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To worry that not being able to take ds to school ever again is going to really upset him.

(16 Posts)
Whowillsaveyoursoul Tue 02-Dec-14 19:20:51

Ds is 5 and started a new school in September. He did reception elsewhere. He's a summer born so young year 1.
I've got a job in a school which will mean he will have to go to a childminders for 15mins every morning and I can't take him to school anymore. Ds seems very upset about this - I suppose it never occurred to him mummy wouldn't be able to take him and he's already had to adapt to the new school.

I'm feeling terrible about this, I suppose when you're 5 having someone take you is a big thing. Ds seems very unsettled over it - he doesn't do change brilliantly - and I'm spending all my time worrying about him. And I feel a little sad myself that I won't get to take him again. He used to hold my hand as we went up and chatter about his upcoming day.

Aibu to feel like I've let him down?

soverylucky Tue 02-Dec-14 19:24:39

Message withdrawn at poster's request.

MillionairesShortbread Tue 02-Dec-14 19:26:52

It's one of the (many) reasons I'm not returning to teaching, and I do feel like I'm lucky to be able to chat on the way to/from school. Its fairly usual in our area but I'm well aware that its a privilidge as many many children with working parents need to go to school with childminders.

I guess if you have before school/after school clubs you can still pick up from school but ours doesn't.

wheresthelight Tue 02-Dec-14 19:27:00

yanbu to feel sad but ultimately there isn't a lot you can do about it and he will adjust really quickly!

Whowillsaveyoursoul Tue 02-Dec-14 19:29:20

I can fetch him I just can't take him.
The annoying thing is that we could afford me to stay at home at least a while longer but dh isn't exactly generous so I'm being forced into this feeling terribly guilty. Don't think dh feels guilty.

Ragwort Tue 02-Dec-14 19:29:28

I am sure he will adjust very soon - those lovely days of walking to school and chatting and sharing things soon pass - my DS used to beg me to be allowed to walk on his own or I had to wait in some obscure part of the playground so 'no one saw me'. I would be lucky if I got a grunt out of him. grin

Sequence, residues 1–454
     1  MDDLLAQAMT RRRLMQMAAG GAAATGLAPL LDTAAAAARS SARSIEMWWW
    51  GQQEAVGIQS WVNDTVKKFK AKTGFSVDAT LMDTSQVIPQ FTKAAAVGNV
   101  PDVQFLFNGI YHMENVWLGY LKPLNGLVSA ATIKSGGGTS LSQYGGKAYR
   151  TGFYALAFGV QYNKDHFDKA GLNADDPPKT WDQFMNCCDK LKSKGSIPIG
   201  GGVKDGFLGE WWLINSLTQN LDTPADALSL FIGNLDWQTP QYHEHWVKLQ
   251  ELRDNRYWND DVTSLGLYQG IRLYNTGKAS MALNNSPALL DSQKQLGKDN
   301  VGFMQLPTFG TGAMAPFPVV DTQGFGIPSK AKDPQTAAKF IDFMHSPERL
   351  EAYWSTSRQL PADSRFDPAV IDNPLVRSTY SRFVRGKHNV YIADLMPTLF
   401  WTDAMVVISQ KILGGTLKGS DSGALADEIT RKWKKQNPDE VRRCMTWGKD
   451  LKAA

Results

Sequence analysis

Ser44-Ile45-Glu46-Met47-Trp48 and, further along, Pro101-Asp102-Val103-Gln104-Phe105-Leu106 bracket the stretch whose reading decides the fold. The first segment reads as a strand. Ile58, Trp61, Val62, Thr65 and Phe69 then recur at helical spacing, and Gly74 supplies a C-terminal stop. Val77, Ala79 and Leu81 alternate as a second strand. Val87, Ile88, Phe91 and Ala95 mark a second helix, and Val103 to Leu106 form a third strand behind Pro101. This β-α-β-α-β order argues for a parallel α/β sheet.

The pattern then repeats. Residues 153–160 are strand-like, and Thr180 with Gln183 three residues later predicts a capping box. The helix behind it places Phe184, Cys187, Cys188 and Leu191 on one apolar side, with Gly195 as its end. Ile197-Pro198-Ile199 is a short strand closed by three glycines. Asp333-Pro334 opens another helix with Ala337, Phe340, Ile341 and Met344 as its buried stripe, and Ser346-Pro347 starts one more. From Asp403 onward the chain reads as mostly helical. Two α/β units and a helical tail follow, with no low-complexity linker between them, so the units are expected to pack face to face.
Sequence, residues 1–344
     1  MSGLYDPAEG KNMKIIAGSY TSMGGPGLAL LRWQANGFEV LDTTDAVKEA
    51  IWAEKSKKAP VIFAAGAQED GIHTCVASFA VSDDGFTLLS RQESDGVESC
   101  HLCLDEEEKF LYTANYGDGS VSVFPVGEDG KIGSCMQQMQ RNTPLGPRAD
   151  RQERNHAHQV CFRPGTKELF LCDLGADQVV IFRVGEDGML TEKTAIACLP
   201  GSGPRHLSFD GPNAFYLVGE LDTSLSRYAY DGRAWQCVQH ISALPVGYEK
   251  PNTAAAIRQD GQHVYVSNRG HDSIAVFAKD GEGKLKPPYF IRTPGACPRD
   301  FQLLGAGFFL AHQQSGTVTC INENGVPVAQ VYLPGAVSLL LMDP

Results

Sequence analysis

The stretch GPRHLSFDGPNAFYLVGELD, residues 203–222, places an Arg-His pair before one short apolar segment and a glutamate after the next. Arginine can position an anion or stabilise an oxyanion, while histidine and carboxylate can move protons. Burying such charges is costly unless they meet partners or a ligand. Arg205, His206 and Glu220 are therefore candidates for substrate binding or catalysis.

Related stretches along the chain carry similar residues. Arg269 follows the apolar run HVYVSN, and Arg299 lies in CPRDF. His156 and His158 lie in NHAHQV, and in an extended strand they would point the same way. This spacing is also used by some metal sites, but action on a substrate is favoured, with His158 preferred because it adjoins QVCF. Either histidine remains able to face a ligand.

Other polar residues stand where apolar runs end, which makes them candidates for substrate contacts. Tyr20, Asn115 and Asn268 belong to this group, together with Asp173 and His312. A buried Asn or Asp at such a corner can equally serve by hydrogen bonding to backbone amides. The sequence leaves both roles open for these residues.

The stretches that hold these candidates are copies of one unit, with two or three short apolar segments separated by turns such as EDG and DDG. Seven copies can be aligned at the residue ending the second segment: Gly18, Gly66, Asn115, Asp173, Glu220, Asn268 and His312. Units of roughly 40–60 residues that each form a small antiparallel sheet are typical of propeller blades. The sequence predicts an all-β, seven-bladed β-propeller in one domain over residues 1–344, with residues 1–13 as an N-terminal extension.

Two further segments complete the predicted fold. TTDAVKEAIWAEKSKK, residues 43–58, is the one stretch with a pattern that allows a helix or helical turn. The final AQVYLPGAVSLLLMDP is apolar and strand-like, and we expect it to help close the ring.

pauline6703 Tue 02-Dec-14 19:30:06

My children's school had an arrangement where the older children walked to school and met the younger ones on the way and the ever increasing sized group walked together.
Are there any older children who could walk to the school with your Ds?

Sirzy Tue 02-Dec-14 19:30:17

I know how you feel (reception age son full time Ta) but he will adapt.

DS was upset at first but quickly settled into our new routine.

It may be a downside of working in a school but the plus of having holidays off with him far outweigh the negatives

Whowillsaveyoursoul Tue 02-Dec-14 19:31:54

I think that's why I'm sad ragwort - they don't last long anyway and I'm missing out.
I know lots of parents are in the same boat but most at ds's school are sahms. Hardly any use childminders. It's the norm to take your own child. He won't have to go to after school club or anything as I can get him so at least I can do one end of the day but hate dropping him and worrying about him being sad.

Ragwort Tue 02-Dec-14 19:32:50

I know it is a separate discussion but I could 'afford' to be a SAHM for over 14 years .......... however, when I needed to return to the workplace I found it incredibly difficult - although I did get the first job I applied for it is for a significantly lower salary than I earned before (even taking all those years out of the workplace into account grin), I suggest you go back to work and aim to enjoy it and focus on your career - it is fortunate that you will be able to pick your DS up after school.

skylark2 Tue 02-Dec-14 19:32:50

But you'll be talking him to the childminders instead, won't you - can't you hold his hand and chat then?

I think it'll be a non-issue after about three days.

JsOtherHalf Tue 02-Dec-14 19:33:35

Umm, your DH isn't exactly generous?

Sounds like there is a backstory here?

ouryve Tue 02-Dec-14 19:37:52

If your DH "isn't generous", then it sounds like going back to work is a must for you. Not for his sake, but yours.

I'm suspecting a back story, too.

Itsfab Tue 02-Dec-14 19:38:30

Why does your husband dictate how family money is spent? hmm

Nanny0gg Tue 02-Dec-14 19:41:41

but dh isn't exactly generous so I'm being forced into this feeling terribly guilty.

That's the part I'd have an issue with.

BackforGood Tue 02-Dec-14 19:46:10

Just what I was going to say skylark - surely you can chat on the way to the CMs ?? confused

You will also be picking him up everyday - what a luxury!.

Just tell him about how lovely it will be now you're back at work, to be able to go on holiday in the Summer, or whatever it is you will now be able to afford that you didn't when you were at home.

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